The Pink Lady Is Not For Turning8 August 2016 by
Apple and Pear Australia Ltd., Star Fruits Diffusion v Office for Harmonisation in the Internal Market (Trade Marks and Designs), Carolus C. BVBA, Judgment of the CJEU, Case C-226/15 P, 21 July 2016.
The CJEU has upheld a decision of the General Court that, in the context of opposition proceedings, the European Union Intellectual Property Office is not bound to follow the decisions of European Union trade mark courts in parallel infringement proceedings concerning the same parties and the same marks. Our previous report on the General Court’s decision is available at this link.
Carolus C. BVBA (“Carolus”) is a Belgian tree nursery specialising in apple trees. On 13 October 2009, Carolus applied to register the word mark ENGLISH PINK as a European Union trade mark (“EUTM”) for goods in class 31, including agricultural products and fresh fruits. An application for an identical Benelux mark was also filed by Carolus on the same date and was subsequently granted.
Apple and Pear Australia Ltd. and Star Fruits Diffusion (the “Appellants”) use PINK LADY in connection with the sale of a particular variety of apple, called Cripps Pink. On 20 April 2010, the Appellants opposed Carolus’ application to register ENGLISH PINK as an EUTM on the basis of three prior EUTMs which were registered for goods that were largely identical to the goods for which ENGLISH PINK was proposed to be registered. These EUTMs were:
- The word PINK LADY registered on 27 February 2003; and
- Two separate figurative marks featuring the words “Pink Lady”, which were registered on 15 December 2005 and 30 July 2008 (shown below).
Shortly thereafter, on 8 June 2010, the Appellants commenced infringement and revocation proceedings against Carolus before the Tribunal de commerce de Bruxelles (the “Brussels Commercial Court”). The Brussels Commercial Court delivered its judgment on 28 June 2012. As regards the strength of the Appellants’ marks, the court took the view that PINK LADY was not descriptive since apples are not pink and, on the basis of evidence adduced by the Appellants and common knowledge, PINK LADY had a substantial reputation. It held that there was a likelihood of confusion between ENGLISH PINK and PINK LADY and it ordered Carolus to refrain from infringing the Appellant’s EUTMs throughout the European Union. It also invalidated Carolus’ Benelux ENGLISH PINK mark.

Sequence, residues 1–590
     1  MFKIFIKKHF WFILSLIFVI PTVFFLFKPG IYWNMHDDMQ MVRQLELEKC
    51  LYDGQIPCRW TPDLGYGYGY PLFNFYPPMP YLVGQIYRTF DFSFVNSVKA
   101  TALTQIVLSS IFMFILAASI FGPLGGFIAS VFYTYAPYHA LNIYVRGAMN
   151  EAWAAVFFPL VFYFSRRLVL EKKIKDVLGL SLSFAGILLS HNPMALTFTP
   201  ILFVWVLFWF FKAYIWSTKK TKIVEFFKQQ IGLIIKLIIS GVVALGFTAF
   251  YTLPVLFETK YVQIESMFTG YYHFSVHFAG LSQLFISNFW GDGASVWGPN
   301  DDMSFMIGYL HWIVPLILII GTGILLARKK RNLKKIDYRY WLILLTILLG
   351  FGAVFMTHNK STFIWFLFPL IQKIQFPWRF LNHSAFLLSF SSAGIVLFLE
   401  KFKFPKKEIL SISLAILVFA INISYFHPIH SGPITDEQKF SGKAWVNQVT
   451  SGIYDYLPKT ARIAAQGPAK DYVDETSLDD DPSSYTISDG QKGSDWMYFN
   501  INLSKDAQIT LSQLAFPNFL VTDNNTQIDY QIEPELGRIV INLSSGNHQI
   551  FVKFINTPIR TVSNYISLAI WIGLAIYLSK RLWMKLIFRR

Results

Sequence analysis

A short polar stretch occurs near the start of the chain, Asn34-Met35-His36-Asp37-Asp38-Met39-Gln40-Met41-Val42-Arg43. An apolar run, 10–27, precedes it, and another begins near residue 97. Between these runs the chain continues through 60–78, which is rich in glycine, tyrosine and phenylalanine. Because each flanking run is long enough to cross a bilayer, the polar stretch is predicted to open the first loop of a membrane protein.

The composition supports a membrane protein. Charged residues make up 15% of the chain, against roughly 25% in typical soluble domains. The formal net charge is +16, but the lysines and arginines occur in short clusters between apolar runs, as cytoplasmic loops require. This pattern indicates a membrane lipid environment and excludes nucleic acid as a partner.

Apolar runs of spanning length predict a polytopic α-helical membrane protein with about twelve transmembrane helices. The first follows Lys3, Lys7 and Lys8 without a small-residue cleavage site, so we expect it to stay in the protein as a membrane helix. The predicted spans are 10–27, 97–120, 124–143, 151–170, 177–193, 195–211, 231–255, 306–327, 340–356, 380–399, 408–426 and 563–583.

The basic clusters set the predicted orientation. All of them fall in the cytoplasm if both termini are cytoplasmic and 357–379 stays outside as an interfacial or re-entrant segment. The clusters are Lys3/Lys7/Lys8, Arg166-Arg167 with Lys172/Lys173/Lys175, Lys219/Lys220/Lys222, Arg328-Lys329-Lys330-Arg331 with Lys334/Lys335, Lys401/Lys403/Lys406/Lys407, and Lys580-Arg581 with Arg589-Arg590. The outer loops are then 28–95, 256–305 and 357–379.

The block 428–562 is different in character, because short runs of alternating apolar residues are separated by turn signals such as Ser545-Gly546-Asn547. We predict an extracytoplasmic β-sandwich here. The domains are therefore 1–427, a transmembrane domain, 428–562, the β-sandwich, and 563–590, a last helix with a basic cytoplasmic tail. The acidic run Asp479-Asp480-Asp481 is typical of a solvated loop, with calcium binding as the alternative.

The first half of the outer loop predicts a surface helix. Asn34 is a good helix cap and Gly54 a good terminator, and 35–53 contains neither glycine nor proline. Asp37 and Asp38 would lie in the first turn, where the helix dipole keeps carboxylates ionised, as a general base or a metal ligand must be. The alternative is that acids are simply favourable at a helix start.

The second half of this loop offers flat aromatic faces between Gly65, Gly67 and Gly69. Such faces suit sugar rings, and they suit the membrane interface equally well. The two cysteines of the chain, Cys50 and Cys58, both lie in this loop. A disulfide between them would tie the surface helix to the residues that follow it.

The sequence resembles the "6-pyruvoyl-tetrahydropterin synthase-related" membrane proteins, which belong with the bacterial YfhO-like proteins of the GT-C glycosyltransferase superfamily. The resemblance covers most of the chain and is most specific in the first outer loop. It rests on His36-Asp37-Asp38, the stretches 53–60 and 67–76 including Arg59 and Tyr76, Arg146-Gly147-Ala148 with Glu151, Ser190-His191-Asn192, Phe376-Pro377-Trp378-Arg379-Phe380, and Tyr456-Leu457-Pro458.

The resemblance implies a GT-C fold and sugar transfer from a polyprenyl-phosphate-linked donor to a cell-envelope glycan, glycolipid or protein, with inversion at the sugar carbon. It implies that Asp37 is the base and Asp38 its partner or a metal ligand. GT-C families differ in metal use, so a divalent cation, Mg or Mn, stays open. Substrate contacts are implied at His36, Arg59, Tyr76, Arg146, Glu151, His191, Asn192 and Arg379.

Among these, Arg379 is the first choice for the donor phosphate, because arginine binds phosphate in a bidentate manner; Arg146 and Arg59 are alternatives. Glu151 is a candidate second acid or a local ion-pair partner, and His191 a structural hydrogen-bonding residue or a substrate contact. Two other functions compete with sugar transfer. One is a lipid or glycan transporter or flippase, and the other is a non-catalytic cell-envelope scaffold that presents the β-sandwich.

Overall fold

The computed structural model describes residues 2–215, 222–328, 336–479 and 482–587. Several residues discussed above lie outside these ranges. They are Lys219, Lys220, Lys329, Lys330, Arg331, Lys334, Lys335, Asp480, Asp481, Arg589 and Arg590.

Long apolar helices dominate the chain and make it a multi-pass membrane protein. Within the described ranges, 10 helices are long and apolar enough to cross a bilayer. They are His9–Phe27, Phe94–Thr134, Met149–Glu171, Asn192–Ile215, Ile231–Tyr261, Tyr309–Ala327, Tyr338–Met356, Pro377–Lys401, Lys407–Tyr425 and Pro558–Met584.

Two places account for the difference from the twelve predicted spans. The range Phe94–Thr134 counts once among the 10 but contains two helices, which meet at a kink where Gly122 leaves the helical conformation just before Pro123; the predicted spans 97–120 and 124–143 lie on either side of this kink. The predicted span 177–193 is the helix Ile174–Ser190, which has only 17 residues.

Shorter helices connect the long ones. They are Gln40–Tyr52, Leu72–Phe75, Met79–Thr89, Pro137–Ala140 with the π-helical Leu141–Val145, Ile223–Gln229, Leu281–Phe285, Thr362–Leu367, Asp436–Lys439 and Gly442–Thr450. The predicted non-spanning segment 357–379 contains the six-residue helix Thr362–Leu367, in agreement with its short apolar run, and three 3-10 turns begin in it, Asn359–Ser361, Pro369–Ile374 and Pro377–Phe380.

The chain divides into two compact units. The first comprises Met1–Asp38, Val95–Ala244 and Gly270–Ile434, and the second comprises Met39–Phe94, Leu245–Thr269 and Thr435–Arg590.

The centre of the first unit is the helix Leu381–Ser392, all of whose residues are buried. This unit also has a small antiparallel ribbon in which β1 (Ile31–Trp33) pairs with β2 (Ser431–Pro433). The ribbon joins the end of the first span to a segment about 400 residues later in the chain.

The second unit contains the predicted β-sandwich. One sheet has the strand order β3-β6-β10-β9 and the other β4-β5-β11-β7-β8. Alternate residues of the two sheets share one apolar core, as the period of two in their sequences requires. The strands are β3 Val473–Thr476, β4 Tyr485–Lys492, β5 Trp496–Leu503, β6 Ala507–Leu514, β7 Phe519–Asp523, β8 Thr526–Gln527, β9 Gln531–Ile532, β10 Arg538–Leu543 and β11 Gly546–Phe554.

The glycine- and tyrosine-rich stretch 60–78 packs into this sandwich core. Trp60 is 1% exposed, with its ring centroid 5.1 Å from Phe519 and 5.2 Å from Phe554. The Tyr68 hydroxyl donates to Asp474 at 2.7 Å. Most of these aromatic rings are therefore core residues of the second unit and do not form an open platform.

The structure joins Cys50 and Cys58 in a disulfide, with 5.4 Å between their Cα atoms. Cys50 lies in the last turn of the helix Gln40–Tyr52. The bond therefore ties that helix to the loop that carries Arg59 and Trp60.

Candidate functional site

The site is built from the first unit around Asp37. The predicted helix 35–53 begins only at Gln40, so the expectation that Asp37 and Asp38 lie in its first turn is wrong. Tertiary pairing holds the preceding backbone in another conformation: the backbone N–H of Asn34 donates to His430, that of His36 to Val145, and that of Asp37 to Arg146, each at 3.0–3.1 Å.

Following this decision, the Appellants wrote to the European Union Intellectual Property Office (“EUIPO”) a number of times to draw its attention to the ruling of the Brussels Commercial Court. In a letter of 29 August 2012, the Appellants informed EUIPO that Carolus had acquiesced in the judgment and that it was therefore final.
However, in a decision dated 29 May 2013, the Fourth Board of Appeal rejected the Appellants’ opposition to the registration of ENGLISH PINK based on their prior EUTM rights in PINK LADY. Surprisingly, the Board of Appeal made no mention of the decision of the Brussels Commercial Court, despite having been made aware of it on a number of occasions. Furthermore, its analysis on the likelihood of confusion between the two marks was very different to that of the Brussels Commercial Court. For example, the Board of Appeal observed that the “pink” element of PINK LADY was non-distinctive because apples “may oscillate into shades of pink” and it took the view that the Appellants had not adduced sufficient evidence in support of their argument that PINK LADY had a reputation.
The Appellants appealed to the General Court on the basis that the Board of Appeal should have considered the decision of the Brussels Commercial Court and delivered a ruling that was compatible with that decision.